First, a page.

# Is G a Connected Group? Proving Connectivity in a Matrix Set

• Spriteling
In summary, the conversation discusses how to show that the group G, defined as a matrix with certain parameters, is connected. The conversation explores different approaches, such as using path connectivity or showing that G is not the disjoint union of two non-empty sets. Ultimately, it is suggested that the best approach may be to show that any element in G can be written as an exponential, thus connecting all points in G.
Spriteling

## Homework Statement

Show that the group G where $G = \left(\begin{array}{ccc} \cos\theta & - sin\theta & u \\ \sin\theta & \cos\theta & v \\ 0 & 0 & 1 \end{array} \right) u,v \in \Re, \theta \in \Re/2\pi Z$

## Homework Equations

I know that a set is connected if it is not the disjoint union of two non-empty sets, if any two elements in G can be joined by a $C^k$ path in G, and if G is generated by a neighbourhood of 1.

## The Attempt at a Solution

I thought that it would be easiest to show that G is not the disjoint union of two non-empty sets, and I was trying to do it by contradiction, but got nowhere.

Any hints/nudges in the right direction would be appreciated.

Path connectivity is often the easiest direction to go in, especially when your set is parametrized by real numbers

Would it then work to say that you can take the function f: [0,1] -> G, where f = tg + (1-t)g' with g, g' members of G. f(0) =g and f(1) = g' so G is indeed connected?

Or am I missing something here?

That's not quite right. Imagine
$$g = \left(\begin{array}{ccc} 1 & 0 & 0\\ 0 & 1 & 0 \\ 0 & 0 & 1 \end{array} \right)$$

$$g' = \left(\begin{array}{ccc} 0 & -1 & 0\\ 1 & 0 & 0 \\ 0 & 0 & 1 \end{array} \right)$$

then the halfway point is

$$g = \left(\begin{array}{ccc} 1/2 & - 1/2 & 0\\ 1/2 & 1/2 & 0 \\ 0 & 0 & 1 \end{array} \right)$$

which isn't actually of the desired form. You need to be a little more careful about how you deal with the sin and cos terms

## Homework Equations

I know that a set is connected if it is not the disjoint union of two non-empty sets, if any two elements in G can be joined by a $C^k$ path in G, and if G is generated by a neighbourhood of 1.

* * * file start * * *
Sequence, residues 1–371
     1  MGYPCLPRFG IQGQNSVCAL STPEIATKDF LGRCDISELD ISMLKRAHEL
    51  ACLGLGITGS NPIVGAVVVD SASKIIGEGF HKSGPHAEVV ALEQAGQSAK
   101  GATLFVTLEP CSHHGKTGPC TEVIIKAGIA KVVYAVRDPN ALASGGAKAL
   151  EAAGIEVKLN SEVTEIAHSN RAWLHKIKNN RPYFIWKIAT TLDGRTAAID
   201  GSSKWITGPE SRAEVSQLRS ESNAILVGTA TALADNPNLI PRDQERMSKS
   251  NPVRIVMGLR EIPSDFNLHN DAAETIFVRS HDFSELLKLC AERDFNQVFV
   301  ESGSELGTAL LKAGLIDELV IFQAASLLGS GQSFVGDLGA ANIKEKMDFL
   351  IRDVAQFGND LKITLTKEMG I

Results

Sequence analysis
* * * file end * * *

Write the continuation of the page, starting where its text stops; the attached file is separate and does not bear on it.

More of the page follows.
## The Attempt at a Solution

I thought that it would be easiest to show that G is not the disjoint union of two non-empty sets, and I was trying to do it by contradiction, but got nowhere.

Any hints/nudges in the right direction would be appreciated.[/QUOTE]

Yeah, I realized that last night when I was showering.

However, I can't seem to find a curve that will actually suit all of the conditions, namely that:
f(t) = a(t)g + b(t)g' with b(t) + a(t) = 1 from the bottom right corner and that a(t)cos(x) + b(t)cos(y) = cos(z) and a(t)sin(x) + b(t)sin(y) = sin(z).

I think it may just be easier to show that any g in G can be written as an exponential, and so then all points are joined together.

## 1. How can you prove that a set is connected?

To prove that a set is connected, you must show that it cannot be divided into two non-empty disjoint subsets.

## 2. What is the definition of a connected set?

A connected set is a set where any two points in the set can be connected by a continuous path without leaving the set.

## 3. What is the difference between connected and disconnected sets?

A connected set cannot be divided into two non-empty disjoint subsets, while a disconnected set can be divided into two or more non-empty disjoint subsets.

## 4. Can a set be both connected and disconnected?

No, a set can only be either connected or disconnected. A set cannot have both properties simultaneously.

## 5. What are some common techniques for proving a set is connected?

Some common techniques for proving a set is connected include using the definition of connectedness, the Intermediate Value Theorem, and the Bolzano-Weierstrass Theorem.

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